The world’s biggest energy consumer is socking away inexpensive oil for a rainy day. Reuters analysts estimate that Chinese imports of crude oil rose 10%, to more than 31 million tonnes (32 million tons), last month, even as its economic growth flagged. That suggests China added as much as 124 million barrels to its strategic reserves last year, roughly double the previous year’s total.
“Judging from their economic figures, we expected that crude imports would not increase,” Daniel Ang, an analyst at Phillip Futures, told Reuters, adding that China may be close to filling its stockpile capacity. Citibank said in a research note (pdf) this week that China has been building up its strategic petroleum reserve (SPR) storage facilities on its coast, with up to five facilities—in Yangpu, Jinzhou, Huangdao, Huizhou, and Zhousan—set to open in 2015, adding some 100 million barrels of capacity in total.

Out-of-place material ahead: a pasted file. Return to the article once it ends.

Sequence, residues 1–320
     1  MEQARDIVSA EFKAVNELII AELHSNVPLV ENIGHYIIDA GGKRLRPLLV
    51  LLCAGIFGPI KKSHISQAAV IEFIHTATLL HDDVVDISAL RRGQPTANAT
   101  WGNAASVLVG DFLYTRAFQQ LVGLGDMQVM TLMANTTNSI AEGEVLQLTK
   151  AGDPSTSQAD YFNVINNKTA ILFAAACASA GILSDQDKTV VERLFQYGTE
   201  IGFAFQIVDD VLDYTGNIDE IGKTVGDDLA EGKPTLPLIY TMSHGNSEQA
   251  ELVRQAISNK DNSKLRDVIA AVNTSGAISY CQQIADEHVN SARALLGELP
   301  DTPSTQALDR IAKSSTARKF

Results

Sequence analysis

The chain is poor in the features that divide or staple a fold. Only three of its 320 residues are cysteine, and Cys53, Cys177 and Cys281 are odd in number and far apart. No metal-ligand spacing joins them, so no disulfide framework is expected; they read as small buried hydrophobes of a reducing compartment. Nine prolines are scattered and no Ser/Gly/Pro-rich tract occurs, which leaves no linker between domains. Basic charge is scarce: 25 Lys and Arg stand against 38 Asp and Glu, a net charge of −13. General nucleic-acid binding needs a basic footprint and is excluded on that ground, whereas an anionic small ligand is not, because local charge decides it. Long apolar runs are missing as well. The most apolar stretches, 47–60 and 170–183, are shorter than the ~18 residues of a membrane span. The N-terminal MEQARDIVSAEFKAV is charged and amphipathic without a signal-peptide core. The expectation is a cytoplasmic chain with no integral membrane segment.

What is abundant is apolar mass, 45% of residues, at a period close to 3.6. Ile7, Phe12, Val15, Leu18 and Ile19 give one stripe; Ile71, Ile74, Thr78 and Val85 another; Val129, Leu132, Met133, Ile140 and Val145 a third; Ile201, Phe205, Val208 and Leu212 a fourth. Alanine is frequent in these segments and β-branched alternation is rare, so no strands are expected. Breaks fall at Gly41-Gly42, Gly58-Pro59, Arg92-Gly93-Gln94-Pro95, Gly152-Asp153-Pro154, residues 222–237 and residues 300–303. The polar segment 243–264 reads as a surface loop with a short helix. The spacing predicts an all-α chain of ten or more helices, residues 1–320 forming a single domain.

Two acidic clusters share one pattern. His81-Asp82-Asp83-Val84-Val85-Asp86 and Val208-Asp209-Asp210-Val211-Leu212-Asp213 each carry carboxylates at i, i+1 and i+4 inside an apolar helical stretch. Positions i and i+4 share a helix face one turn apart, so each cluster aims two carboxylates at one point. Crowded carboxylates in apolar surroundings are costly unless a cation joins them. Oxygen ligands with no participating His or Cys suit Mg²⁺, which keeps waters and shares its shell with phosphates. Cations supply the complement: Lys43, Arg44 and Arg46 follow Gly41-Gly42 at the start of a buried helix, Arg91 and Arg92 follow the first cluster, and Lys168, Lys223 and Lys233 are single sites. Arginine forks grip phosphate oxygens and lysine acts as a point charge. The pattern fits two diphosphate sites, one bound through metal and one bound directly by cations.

“With the combination of dramatically lower prices and the opening of new coastal storage tanks, [we are] likely to see strong stockpiling,” Citigroup’s analysts concluded.
The Chinese government’s tight control over oil imports means that consumer prices have not fallen as quickly in the country as in the West. But Beijing has the ability to smooth out volatile energy prices, while also maintaining a reserve to supply inexpensive oil to state-owned refineries like Sinopec.
Still, it’s not likely that China’s oil-buying spree will help shore up oil prices. As Quartz reported earlier this week, Citigroup analysts predict that growth in the country’s oil imports will be just over 3% this year, compared with almost 9% last year. “Anyone hoping for China to drive a rebound in oil prices is likely to be disappointed,” the analysts wrote.